Have you ever stopped to have a conversation with a homeless person? I can’t remember the last time I did.
The sound of a harmonica could be heard from somewhere on the busy high street. The hustle and bustle of evening shoppers and the start of a Friday night. Joel and I went to get some groceries from the shop. I was busy putting things in the basket but Joel’s mind was somewhere else. He was transfixed at the chiller lined with the remaining sandwiches of the day.
“I want to give the guy outside a sandwich or something.”
Puzzled, I didn’t know who he meant as I didn’t pay attention to anyone before entering the shop (awful really, that my mind is more concerned with dinner than other people at this point!). Guessing that Joel had seen a homeless person I laughed and said:
“Are you sure they are homeless? I mean, it could be a bit insulting if not!”
Yep. That’s my cynical sense of humour. Awful. Not sure why Joel married me at times like this… I made him feel uncomfortable as he started having second thoughts that maybe he had made a mistake or misjudged the guy he saw.
Putting my hand on his arm, I felt convicted and reassured him.
“Buy the sandwich. You have a heart for the homeless. You felt convicted. This is your ministry. Go.”
Joel opened the chiller, grabbed a cheese ploughman’s sandwich after debating what an all-round good sandwich would be. He bought some water and proceeded to the checkout with me and my basket. Once again, I felt awful feeling our heavy basket. I thought about the ‘all-you-can-eat’ places that we take for granted here in the UK, when so many people in the world cannot afford a decent meal. It makes me feel sick thinking about it. We are gluttonous, but yet we would not admit to gluttony or greed.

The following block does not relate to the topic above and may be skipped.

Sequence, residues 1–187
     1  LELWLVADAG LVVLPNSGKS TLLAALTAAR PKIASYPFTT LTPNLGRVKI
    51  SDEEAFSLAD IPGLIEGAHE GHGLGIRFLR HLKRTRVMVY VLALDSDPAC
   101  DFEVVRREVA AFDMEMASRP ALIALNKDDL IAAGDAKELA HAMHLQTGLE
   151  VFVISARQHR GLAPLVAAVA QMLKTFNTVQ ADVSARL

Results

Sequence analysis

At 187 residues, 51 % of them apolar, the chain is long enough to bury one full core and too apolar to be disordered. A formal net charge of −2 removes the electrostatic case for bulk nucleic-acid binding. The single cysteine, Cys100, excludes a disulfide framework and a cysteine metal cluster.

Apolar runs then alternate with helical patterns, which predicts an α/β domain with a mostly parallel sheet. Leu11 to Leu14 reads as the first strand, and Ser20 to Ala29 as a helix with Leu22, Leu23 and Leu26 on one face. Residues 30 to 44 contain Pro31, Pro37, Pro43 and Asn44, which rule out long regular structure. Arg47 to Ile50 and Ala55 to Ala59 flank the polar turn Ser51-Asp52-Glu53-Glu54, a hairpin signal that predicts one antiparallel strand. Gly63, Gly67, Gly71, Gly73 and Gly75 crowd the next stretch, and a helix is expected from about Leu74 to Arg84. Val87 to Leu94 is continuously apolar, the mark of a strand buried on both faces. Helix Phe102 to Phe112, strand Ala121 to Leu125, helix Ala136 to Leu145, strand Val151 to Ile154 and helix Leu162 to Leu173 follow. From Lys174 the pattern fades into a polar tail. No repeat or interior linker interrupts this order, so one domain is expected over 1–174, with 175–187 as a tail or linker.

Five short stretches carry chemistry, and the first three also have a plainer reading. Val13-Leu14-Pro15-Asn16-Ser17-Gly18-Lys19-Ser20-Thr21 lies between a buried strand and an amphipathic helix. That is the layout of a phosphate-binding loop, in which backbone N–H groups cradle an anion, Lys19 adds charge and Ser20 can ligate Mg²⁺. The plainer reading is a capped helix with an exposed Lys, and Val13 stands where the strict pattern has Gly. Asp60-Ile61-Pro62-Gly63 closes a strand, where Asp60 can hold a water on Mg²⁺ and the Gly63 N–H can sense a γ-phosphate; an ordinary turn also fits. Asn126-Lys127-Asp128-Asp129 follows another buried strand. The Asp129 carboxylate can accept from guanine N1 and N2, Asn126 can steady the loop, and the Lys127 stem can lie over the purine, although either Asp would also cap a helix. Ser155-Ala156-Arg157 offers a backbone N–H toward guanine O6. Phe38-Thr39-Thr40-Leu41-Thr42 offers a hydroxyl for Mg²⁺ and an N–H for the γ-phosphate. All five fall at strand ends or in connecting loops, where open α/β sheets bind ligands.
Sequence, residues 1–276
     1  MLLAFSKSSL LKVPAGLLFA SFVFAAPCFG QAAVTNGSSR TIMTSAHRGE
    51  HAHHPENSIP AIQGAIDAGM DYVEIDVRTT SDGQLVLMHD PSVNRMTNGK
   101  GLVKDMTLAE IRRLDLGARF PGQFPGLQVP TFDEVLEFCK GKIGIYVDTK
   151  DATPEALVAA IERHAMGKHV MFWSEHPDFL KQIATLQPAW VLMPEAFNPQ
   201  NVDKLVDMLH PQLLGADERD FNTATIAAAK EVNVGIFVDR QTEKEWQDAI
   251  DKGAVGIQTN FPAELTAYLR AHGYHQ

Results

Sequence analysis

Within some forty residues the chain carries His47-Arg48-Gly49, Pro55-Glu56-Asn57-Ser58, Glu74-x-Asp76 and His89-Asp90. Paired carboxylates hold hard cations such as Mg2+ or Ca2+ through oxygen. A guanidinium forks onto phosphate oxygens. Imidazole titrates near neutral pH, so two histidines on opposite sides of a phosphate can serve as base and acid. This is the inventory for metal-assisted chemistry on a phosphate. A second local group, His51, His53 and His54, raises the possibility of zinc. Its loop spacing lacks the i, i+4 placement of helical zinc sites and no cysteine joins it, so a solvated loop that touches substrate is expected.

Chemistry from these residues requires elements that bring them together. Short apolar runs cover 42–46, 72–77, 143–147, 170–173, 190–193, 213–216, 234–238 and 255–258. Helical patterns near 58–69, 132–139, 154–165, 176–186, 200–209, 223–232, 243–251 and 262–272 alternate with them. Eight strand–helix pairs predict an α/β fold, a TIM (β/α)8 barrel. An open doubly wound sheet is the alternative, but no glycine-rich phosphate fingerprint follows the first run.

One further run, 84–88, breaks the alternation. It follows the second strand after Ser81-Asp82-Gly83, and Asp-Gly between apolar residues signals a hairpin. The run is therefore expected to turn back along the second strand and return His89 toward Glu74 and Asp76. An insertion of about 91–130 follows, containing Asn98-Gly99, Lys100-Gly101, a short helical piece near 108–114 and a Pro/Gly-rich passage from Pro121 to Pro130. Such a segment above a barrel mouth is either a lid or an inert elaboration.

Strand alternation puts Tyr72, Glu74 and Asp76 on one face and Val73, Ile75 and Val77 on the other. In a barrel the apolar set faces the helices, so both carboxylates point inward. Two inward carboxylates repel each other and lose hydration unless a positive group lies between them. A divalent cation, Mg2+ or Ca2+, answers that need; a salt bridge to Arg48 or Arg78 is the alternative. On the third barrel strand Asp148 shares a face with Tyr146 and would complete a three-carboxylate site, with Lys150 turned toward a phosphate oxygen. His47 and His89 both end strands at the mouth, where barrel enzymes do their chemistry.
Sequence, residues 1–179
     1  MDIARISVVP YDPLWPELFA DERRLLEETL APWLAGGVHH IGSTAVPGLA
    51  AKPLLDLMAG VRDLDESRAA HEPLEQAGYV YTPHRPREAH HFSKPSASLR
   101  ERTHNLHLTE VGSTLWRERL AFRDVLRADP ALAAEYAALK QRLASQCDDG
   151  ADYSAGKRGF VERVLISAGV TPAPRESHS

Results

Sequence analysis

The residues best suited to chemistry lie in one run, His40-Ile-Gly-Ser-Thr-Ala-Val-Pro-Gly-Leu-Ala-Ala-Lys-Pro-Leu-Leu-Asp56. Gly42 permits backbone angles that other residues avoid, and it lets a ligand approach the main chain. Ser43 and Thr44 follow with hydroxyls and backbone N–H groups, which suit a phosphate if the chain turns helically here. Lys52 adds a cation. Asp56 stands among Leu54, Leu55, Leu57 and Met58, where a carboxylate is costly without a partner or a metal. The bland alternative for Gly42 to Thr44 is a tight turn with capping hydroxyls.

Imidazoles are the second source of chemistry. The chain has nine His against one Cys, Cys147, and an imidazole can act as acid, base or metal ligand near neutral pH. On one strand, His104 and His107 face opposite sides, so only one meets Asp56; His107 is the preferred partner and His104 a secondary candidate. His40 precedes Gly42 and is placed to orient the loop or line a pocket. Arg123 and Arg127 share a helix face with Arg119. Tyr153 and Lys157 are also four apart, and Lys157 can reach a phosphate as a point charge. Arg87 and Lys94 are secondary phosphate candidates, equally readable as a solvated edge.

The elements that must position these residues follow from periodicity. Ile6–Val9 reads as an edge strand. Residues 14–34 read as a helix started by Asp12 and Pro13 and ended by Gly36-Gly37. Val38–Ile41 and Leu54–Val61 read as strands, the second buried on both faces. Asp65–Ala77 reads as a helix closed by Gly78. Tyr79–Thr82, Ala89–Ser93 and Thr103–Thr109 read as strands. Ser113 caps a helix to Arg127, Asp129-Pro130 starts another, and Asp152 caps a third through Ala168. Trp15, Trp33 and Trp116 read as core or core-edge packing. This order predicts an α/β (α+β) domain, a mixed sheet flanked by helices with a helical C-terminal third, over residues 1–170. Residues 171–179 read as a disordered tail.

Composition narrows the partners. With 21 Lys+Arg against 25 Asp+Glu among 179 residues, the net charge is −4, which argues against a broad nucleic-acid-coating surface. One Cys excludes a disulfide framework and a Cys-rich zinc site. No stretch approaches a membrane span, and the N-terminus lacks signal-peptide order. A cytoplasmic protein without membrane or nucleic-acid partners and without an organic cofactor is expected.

After we left the store, Joel and I approached the man that he had noticed but I had missed in my hurried entrance to get food. Reaching out a hand to the homeless man, Joel asked him how he was doing.
“Alright yeah”, the man replied, clutching his harmonica.
“Have you had anything to eat?” Joel asked.
“Yeah, I had a bit earlier, thanks mate.”
Joel gave him the sandwich and water all the same and the man accepted. I offered him an apple or two, in which he only took the one. Joel introduced us and the man introduced himself and told us a bit about where he would try and find shelter. He asked us if we had finished work for the day and if we had any plans tonight. We had a really nice conversation with him and he shook both of our hands when we said goodbye.
It was lovely to be with Joel and to embrace his heart for the homeless. I’m not sure if it is because I am a female with an overly active imagination or what, but I am a little scared of approaching the homeless. I bring my judgmental attitude, prejudices and stereotypes which often means I look away or feel uncomfortable. The truth is, the man on the street that we met is made in the image of God. We should love and embrace him the same as anybody else that we would come across.
I want to ditch the stereotypes and abandon my fears. I want to be aware of those around me who may be on the streets. Joel has a heart for the homeless. He longs to reach out and help them, love them, care for them. He is light to those who find themselves in a very dark place for the time being. He is Christ’s hands and feet in our city.
When you next pass a homeless person, remember that they have a story, a personality, emotions and they are made in the image of our Creator. Christ died for them too. God sees them and watches over them. He moves our hearts, our hands and our feet to love, show mercy and act justly with kindness to all of those we meet. The homeless are not our enemies. Even if they were, we are still called to love them (Matthew 5:44). Let’s treat them as human beings. Let’s treat them as friends. Let’s love them as ourselves, rather than ignoring them completely by walking past them as if they didn’t exist.
Joel’s heart for the homeless has given me a fresh perspective of what it means to follow Christ. It starts with loving the Lord and loving our neighbour. Everything else flows from this. Let’s be praying always for those who are sleeping rough or struggling for food. It’s happening on our doorsteps. Let’s not ignore our neighbour anymore. Let us love one another. We can love one another because it was God who first loved us (1 John 4:19).